We plead guilty to a certain shall we say crankiness when surveying the mainstream headlines for scraps of local edification, but hey folks, we’re just tryin’ to help. Our intentions are good, please don’t let us be misunderstood. So when we earnestly inaugurate a feature called Local Headlines That Ran Elsewhere, we’re not saying the headline or story never ever ran in local media. We’re merely pointing out recognition by the Outside World of our humble region. “Seattle Man Bites Renton Dog” in The New York Times is probably of interest no matter how many times the story has run in the P-I. And when we decry the lack of a Big Picture in local reporting, we’re merely suggesting that an awareness of, and linkage to, larger forces at play help provide a context to make readers care. “Cat Climbs Tree in Ballard Before Earthquake” is not nearly the story that “Thousands of Cats Throughout Northwest Take to Trees Before Earthquake” is.
If you are distraught at having stumbled into Journalism 100.5, then yes, you can correctly surmise that this is an extremely slow headlines day. I’m writing this at 12:30 a.m., waiting for The Times Web site to flip, the P-I having provided me with “Sometimes Scanners Get Price Wrong” (Good Lord, now I’ll never get to sleep!) and “Neuheisel Eyes Successful Return” (and even if I do, my worst nightmare will be confirmed). Of course, the scanner story doesn’t mention what to do when you’re undercharged, which in my experience happens more often. Leave it to the press to out one of consumers’ few weapons against rampant inflation. Hopefully Costco management won’t see this one.
I would be remiss not to tip my hat to Times senior political writer David Postman for his generous acknowledgment in The Stranger of my conversation with my daughter a week ago, wherein I informed her that our beloved Crocodile, where Franz Ferdinand, Turin Brakes, Tapes ‘n Tapes and so many other uncommercialized rising bands had provided so much personal joy and temporary deafness, was closing its sticky grimy doors. But this was hardly my scoop, as I noted in Tuesday’s headlines post. My only reason for bringing up the thing was to give The Weekly credit, which is more than our friends at Slog have. Not to slight them in the slightest: I was just thinking how wonderful it is to have Erica C. Barnett back rattling the cages at City Hall (which were notably undisturbed by any local media during her absence), so much so that I almost forgave her for taking yet another interminable vacation, this time with a paucity of posts that she blamed on lack of Wi-Fi. This of course being the current reporter’s “headache and flu” excuse after a night of carousing, my all-time favorite being, after a reporter called in with a bad back, his editor’s observation that the female reporter he was with the previous night was no doubt going to call in with a bad front.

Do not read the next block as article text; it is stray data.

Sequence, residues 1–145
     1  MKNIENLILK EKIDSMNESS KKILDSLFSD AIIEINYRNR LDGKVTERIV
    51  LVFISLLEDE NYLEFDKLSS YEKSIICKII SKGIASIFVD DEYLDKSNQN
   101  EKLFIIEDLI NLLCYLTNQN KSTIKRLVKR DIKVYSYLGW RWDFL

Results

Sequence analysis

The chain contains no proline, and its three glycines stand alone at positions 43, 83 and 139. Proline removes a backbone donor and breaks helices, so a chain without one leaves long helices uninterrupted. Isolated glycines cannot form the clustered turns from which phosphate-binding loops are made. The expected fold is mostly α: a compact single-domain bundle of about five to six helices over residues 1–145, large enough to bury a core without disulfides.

At Erica’s age I was getting two weeks of vacation and wasn’t paid enough to go to
Italy Barcelona, or even Austin. But it seems only fair that someone who does the work of three reporters get commensurate time off. Welcome back Erica. Now tell me what Conlin will do as the next Council president…
Ah yes, The Times site has flipped, and the lead is lead: High lead levels in kids’ jewelry, a lamentable but unsurprising development to HA readers of Goldy’s scoop yesterday, sprinkled liberally with insights and calls to action, the way real journalism is supposed to work.
Addendum: Somehow in my blurry-eyed mumblings I missed the P-I coverage of the homeless rally last night. Nothing in The Times, which apparently is content to stick with Nicole Brodeur’s boneheaded revelations of a couple weeks ago (although a search did turn up a creditable report on Gates Foundation efforts for homeless families). The best discussion of course resides at Real Change and its
editor publisher Tim Harris’ great blog. Give an RC vendor a fiver next time around, it’s Christmas folks.